of running against some of his enemies, in the
dark, and to remain where he was, appeared
equally dangerous. But of one thing he was cer-
tain-and as the thought passed through his mind,
he clutched his revolvers desperately-and that
was, if he was captured, it would require more
than one man to do it.
Presently he heard footsteps approaching, and
two rebels came up. One of them he knew, by
his voice, was the very man who had just fired at
"I know he went this yere way," said he.
"Wal, hold on a minit," said the other, panting
loudly; "let's rest a leetle-I'm nigh gin out;"
and he seated himself so close to Archie that, had
it been daylight, he would certainly have been
"I'll be dog-gone," said the one who had first
spoken, ef this 'ere night's work do n't beat all



natur'. Them ar Yanks ain't no fools, dog ef
they ar!"
"Who'd a thought it?" returned his compan-
ion. "Them ar two fellers come out here an'
burn a house with more'n three hundred men in
it? Dog-gone! But how did that other feller get
"Oh, he had a boat," answered the other, "an'
he got thar afore we could ketch him. He 's on
board his gun-boat afore this time. I jest ketched
a glimpse of him as he was goin' down the bank.
He had Damon by the neck, an' he was making'
him walk turkey, now I tell yer."
"Damon ketched!" ejaculated his companion
"An' what's come on the kernel's mail?"
"Gone up-the hul on it! Damon's got the
bracelets on by this time. But come, let's go
All this while the rebels had been coming up,
and Archie could hear them in the woods, on all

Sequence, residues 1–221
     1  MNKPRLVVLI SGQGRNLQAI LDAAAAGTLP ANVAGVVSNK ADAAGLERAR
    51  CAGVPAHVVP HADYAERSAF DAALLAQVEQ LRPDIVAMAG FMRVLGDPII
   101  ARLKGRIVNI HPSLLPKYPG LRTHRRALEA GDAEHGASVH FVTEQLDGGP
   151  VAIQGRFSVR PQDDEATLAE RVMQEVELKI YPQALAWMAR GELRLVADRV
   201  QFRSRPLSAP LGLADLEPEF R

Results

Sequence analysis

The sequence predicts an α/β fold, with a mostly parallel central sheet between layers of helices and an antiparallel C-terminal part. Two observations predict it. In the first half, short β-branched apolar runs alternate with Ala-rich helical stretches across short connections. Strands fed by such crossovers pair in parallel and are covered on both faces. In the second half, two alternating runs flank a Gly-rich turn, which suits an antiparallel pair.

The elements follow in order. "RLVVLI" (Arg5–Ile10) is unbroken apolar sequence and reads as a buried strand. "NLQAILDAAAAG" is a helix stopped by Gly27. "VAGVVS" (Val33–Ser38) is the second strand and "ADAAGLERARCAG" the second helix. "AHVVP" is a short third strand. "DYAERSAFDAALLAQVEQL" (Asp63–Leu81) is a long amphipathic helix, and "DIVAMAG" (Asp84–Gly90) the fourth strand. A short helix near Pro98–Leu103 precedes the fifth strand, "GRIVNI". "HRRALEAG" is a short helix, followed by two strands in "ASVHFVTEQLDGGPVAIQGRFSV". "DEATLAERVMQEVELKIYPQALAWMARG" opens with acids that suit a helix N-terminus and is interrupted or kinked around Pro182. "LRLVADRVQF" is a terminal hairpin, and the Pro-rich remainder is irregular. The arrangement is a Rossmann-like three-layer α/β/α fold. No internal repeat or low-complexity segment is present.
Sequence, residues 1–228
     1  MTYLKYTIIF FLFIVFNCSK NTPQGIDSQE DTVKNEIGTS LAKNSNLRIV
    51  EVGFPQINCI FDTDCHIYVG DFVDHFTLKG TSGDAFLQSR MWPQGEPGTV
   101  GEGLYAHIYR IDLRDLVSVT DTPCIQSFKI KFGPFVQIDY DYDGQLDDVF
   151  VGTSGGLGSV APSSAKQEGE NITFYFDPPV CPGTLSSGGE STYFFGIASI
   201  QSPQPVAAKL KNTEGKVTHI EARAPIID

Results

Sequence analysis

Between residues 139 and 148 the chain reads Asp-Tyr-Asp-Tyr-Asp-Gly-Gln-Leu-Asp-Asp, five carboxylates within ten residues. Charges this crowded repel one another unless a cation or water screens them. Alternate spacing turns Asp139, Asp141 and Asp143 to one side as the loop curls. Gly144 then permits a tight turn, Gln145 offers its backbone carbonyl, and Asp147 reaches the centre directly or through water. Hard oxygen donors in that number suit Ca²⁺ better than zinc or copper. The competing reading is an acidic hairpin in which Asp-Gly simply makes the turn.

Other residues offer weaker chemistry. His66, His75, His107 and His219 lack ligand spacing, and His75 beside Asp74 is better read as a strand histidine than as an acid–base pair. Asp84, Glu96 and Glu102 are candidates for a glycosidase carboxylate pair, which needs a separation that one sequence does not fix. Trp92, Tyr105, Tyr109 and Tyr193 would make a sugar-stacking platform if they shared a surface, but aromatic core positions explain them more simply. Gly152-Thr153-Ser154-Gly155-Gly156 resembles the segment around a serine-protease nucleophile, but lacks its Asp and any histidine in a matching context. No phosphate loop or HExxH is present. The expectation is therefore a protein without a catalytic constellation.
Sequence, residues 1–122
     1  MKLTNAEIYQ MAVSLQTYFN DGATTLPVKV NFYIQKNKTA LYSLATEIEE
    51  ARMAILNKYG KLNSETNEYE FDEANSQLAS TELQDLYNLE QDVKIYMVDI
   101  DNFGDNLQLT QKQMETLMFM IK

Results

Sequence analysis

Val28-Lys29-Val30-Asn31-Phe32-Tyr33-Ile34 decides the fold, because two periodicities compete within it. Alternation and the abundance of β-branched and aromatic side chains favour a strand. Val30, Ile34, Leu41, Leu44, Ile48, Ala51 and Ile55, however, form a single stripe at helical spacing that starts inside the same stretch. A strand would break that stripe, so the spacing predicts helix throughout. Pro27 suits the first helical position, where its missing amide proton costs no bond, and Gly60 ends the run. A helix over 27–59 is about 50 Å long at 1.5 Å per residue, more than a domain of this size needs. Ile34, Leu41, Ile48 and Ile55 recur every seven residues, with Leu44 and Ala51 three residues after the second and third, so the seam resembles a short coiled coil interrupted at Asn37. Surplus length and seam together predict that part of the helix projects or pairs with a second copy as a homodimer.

sides of him, yelling and swearing, like demons.
He had one source of consolation, however-his
cousin was safe; and, judging by thie rebels' con-
versation, he had not gone back to the vessel


Archie lay for some time listening to the move-
ments of the rebels, almost afraid to breathe lest
it should be overheard, when he was suddenly
startled by a stunning report, which was followed
by a hissing and shrieking in the air; a bright
light shone in his eyes for an instant, and the
next, the woods echoed with the bursting of a
shell. The guerrillas had scarcely time to recover
from their astonishment when there came another,
and another, each one followed by groans and
cries of anguish that made the young officer
Frank Nelson had gained the Boxer in safety,
and although surprised and alarmed at the ab-
sence of Archie-who, he thought, would make the
best of his way back to the vessel when left to
himself-he knew by the yelling of the rebels,
and the pistol-shots that were occasionally heard,
that they had not yet captured him. The noise of